Walter Scremin: Secrets to outsourcing transport for any business

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Managing the delivery transport function is a costly and often relentless challenge, whether you are a multinational conglomerate or a small business.
Most companies outsource at least some of their transport requirement, and some outsource the entire operation.
While this promises greater efficiency, the reality can be variable.
Transport may have become more sophisticated, but in many markets smaller transport providers have proliferated over the last 10 years, creating a huge variance in sophistication and professionalism.
The potential for error in choosing a supplier is acute, and the consequences of a poor choice may be long-lasting, tarnishing customer relationships, denting your reputation as a company, and creating a logistical nightmare.
What are some keys to success in outsourcing your delivery transport? In my 30-plus years as both a supplier and a buyer of outsourced services, I believe the following may help to make the right choice:
Expect more control: Outsourcing should provide you more control, not less. It’s not just about taking liabilities off your books; it’s about accessing the tools to be more agile and responsive.
Much of this control will come from the flexibility to increase resources – or scale back – at short notice. Beware any outsourcing deals which try and lock you into inflexible arrangements. And look for suppliers which have the size and experience to respond to your business when you need it.
You’ll know you’re on the right path with any new transport partnership when the control is in your hands. If you feel less in control than previously, it might be time to review the arrangement. More control should not be a luxury or an add-on, it should be a basic expectation from outsourcing your transport.
Approach it with a growth mentality: Many businesses which successfully outsource bring a growth mindset to the arrangement. They see not just a chance to manage costs, but an opportunity to try new things, such as new delivery routes.
It’s tempting to see outsourcing as just a cost-saver, to take liabilities off your books and outsource certain risks such as accidents, breakdowns or WorkCover claims. But outsourcing’s greatest benefit is often the opportunity to grow your business.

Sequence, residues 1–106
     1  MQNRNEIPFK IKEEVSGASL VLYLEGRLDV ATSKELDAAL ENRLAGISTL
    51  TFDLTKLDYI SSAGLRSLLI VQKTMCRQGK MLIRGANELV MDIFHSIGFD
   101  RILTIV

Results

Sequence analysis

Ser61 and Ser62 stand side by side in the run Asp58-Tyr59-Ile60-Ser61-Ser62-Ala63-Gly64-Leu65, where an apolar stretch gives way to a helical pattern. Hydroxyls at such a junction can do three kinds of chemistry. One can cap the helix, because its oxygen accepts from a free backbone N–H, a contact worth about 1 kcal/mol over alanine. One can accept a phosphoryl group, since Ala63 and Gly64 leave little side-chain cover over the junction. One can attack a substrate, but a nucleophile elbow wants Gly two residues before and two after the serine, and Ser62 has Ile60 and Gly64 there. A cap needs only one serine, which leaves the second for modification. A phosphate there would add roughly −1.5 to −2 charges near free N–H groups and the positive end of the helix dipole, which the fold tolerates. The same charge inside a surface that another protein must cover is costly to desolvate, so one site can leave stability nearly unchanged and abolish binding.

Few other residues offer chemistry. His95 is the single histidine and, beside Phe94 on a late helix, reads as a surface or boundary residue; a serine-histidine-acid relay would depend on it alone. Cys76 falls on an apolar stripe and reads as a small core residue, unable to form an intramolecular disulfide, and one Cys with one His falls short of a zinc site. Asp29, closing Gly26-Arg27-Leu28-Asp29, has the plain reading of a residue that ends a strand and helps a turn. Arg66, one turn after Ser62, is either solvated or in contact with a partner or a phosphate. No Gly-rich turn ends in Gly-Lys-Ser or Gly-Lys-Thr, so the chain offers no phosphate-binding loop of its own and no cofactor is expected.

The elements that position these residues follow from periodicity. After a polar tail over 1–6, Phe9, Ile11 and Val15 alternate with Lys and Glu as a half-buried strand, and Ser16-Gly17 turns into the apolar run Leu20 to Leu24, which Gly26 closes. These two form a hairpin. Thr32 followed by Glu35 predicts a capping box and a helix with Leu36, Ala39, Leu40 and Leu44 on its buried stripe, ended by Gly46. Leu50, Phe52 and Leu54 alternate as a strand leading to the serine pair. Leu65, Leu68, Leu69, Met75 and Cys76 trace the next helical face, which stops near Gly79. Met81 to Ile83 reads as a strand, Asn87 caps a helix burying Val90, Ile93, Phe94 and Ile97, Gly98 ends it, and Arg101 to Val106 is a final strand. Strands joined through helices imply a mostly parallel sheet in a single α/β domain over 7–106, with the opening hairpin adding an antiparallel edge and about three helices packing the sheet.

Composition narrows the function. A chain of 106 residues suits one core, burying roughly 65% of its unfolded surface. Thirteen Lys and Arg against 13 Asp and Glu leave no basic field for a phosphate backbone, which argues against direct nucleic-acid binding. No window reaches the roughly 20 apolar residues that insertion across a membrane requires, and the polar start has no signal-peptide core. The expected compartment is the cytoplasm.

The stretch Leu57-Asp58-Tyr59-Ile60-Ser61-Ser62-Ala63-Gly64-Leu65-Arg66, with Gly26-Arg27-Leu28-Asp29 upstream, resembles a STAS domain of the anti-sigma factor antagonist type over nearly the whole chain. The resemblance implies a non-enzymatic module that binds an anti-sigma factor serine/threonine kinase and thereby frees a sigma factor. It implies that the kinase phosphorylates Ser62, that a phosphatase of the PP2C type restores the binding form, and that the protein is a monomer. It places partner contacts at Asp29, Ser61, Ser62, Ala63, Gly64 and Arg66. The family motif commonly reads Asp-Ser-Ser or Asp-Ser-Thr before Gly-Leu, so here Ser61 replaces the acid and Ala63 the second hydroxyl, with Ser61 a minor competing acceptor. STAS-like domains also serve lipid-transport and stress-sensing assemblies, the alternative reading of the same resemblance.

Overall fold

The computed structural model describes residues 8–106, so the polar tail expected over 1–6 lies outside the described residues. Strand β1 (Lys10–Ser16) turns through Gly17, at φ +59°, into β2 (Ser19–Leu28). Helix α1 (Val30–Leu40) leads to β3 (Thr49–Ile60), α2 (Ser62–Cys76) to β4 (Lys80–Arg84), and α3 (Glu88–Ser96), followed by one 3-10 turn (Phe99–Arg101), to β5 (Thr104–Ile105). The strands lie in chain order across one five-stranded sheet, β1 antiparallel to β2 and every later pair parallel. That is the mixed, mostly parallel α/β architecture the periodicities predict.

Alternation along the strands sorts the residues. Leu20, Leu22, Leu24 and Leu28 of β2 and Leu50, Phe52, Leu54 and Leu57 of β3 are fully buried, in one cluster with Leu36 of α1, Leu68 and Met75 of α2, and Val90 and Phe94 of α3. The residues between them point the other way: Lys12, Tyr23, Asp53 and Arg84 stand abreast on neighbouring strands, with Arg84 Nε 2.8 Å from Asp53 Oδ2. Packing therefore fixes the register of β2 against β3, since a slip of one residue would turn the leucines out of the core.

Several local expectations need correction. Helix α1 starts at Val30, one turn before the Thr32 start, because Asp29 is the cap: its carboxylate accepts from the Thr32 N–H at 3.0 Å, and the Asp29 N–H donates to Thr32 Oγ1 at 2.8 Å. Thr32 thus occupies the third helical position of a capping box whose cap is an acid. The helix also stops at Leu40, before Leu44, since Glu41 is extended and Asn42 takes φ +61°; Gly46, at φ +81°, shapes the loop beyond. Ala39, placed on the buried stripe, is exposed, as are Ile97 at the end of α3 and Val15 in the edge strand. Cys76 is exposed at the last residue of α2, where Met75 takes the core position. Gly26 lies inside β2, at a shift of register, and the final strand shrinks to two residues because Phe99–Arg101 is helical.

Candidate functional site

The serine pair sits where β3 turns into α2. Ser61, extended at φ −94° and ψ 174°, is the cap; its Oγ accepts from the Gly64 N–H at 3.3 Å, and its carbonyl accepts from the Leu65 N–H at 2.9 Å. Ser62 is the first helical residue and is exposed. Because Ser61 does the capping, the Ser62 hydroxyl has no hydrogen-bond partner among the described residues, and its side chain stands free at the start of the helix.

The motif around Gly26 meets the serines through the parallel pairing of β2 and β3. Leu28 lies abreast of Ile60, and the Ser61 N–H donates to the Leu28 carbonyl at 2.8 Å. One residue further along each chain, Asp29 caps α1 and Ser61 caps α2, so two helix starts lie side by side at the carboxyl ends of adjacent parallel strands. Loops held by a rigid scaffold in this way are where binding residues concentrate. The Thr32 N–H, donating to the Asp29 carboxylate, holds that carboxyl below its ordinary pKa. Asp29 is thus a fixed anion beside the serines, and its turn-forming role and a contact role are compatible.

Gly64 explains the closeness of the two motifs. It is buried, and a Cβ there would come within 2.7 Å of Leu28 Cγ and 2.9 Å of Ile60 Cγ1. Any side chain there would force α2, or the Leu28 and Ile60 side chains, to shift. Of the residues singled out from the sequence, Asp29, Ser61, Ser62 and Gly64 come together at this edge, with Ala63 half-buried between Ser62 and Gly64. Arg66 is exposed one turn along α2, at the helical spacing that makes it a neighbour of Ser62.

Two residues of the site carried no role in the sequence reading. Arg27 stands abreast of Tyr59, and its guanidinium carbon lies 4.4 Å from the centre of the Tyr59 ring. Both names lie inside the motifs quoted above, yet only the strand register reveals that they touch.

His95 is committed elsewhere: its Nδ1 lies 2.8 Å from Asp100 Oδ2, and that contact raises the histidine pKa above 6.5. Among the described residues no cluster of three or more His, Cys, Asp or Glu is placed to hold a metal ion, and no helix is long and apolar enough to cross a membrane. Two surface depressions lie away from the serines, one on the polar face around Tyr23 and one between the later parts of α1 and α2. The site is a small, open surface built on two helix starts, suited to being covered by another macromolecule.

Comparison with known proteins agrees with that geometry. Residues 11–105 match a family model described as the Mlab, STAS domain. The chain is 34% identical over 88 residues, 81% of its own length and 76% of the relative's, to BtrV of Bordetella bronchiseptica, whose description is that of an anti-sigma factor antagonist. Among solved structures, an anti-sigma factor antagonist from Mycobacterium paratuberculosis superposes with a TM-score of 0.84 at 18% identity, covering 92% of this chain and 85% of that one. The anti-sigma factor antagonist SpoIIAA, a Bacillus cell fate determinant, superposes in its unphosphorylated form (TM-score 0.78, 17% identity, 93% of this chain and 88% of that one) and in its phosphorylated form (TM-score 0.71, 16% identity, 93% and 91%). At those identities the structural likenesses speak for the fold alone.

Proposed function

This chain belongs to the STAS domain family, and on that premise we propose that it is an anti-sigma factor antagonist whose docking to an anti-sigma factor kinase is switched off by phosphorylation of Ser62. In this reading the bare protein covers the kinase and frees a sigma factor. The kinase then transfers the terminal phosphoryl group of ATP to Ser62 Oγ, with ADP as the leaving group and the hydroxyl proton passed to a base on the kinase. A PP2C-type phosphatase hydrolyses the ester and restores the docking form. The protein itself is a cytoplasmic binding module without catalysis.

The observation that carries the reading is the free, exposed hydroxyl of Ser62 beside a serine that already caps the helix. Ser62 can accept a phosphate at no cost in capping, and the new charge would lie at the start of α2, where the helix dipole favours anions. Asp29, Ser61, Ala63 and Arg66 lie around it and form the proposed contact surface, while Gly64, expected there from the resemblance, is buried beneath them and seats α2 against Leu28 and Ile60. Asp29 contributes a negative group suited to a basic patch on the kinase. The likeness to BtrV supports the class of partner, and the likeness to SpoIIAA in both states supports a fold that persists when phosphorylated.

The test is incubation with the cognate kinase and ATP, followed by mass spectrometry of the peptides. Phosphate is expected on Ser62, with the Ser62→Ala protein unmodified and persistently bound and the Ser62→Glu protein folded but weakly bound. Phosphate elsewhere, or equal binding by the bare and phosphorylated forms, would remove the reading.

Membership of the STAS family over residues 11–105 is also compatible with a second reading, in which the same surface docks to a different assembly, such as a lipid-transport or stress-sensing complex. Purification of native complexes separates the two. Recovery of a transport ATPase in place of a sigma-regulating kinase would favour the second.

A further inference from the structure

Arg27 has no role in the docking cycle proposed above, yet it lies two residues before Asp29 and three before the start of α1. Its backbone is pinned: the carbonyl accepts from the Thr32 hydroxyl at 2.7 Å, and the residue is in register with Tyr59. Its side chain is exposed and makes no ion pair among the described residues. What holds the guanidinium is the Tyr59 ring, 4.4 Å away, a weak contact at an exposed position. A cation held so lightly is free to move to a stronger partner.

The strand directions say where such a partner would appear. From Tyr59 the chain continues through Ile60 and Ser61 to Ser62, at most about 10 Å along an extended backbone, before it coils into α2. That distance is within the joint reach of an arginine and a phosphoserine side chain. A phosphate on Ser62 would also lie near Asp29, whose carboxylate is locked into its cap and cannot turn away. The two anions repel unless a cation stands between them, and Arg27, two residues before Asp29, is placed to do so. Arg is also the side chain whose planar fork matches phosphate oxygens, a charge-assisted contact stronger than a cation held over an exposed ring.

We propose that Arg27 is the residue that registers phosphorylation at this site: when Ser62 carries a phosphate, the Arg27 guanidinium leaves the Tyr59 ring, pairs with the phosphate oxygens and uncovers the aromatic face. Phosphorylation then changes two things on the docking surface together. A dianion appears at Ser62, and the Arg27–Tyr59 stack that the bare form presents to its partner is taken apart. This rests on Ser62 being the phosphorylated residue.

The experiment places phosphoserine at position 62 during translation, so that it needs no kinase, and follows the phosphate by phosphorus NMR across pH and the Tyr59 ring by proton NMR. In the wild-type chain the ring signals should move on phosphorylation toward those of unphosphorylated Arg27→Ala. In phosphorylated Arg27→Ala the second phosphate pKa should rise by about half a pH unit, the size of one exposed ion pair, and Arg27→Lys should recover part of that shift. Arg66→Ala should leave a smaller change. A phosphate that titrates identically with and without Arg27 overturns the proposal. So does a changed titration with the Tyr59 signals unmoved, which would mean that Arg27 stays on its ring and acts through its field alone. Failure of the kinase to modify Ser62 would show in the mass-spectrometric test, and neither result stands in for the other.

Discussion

Trialling new delivery runs is a costly exercise if you invest in your own transport resources. By outsourcing, your business may try a new delivery run for a while, at a much lower financial risk if it doesn’t work out.
If the new run does work, you might just be using outsourcing in the most powerful way imaginable – to grow and improve your business.
Understand all the costs first: Delivery transport is a potential money-pit if you’re not across all the costs, yet these costs are often hidden and need to be brought into the open.
Any business which can isolate and know all the costs involved in transport will be in a great position to understand the financial benefits and make a better choice in outsourcing their transport.
Finding the true costs often involves asking some hard questions, and may be improved using cost analysis technology, which is both impartial and revealing. Once you know this, the value in an outsourced arrangement becomes clearer, and easier to measure over time.
Start slowly if you have to: Many businesses have successfully implemented an outsourced transport program by starting small and then scaling up – dipping your toe in the water before taking the plunge.
This avoids potential problems which occur when you rush into a big commitment, such as trying to backtrack from a bad decision, and issues with breaking contracts.
Not all transport companies will encourage this approach. Some will try and pressure you into a bigger commitment. But many will be happy to start small and build trust first.
Consider the relationship: You’ll have regular contact with your transport supplier, and the relationship becomes critical. It’s not much different to hiring a new manager or a new team. Yet many companies don’t put the same time into getting to know a potential supplier as they would a new employee.
Business is always more enjoyable and more productive when you work with people you like. Get to know your potential supplier a bit better. If the working relationship has good potential, your results are likely to be optimal – giving you more control, more efficiency, and happy customers.

Walter Scremin heads up national delivery transport firm, Ontime Delivery Solutions. He has more than 30 years’ experience in logistics and is passionate about solving logistical problems by focussing on efficiency and technology.

 

By Walter Scremin

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About Author

Kizzi Nkwocha is the publisher of My Logistics Magazine, The UK Newspaper, The Property Investor, The Cryptocurrency Magazine, The Sussex Newspaper and Business Game Changer Magazine. Kizzi Nkwocha made his mark in the UK as a publicist, journalist and social media pioneer. As a widely respected and successful media consultant he has represented a diverse range of clients including the King of Uganda, and Amnesty International. Nkwocha has also become a well-known personality on both radio and television. He has been the focus of a Channel 4 documentary on publicity and has hosted his own talk show, London Line, on Sky TV. He has also produced and presented both radio and TV shows in Cyprus and Spain. Nkwocha has published a number of books on running your own business and in 2011 his team won the Specialized Information Publishing Association (SIPA) award for best use of social media.

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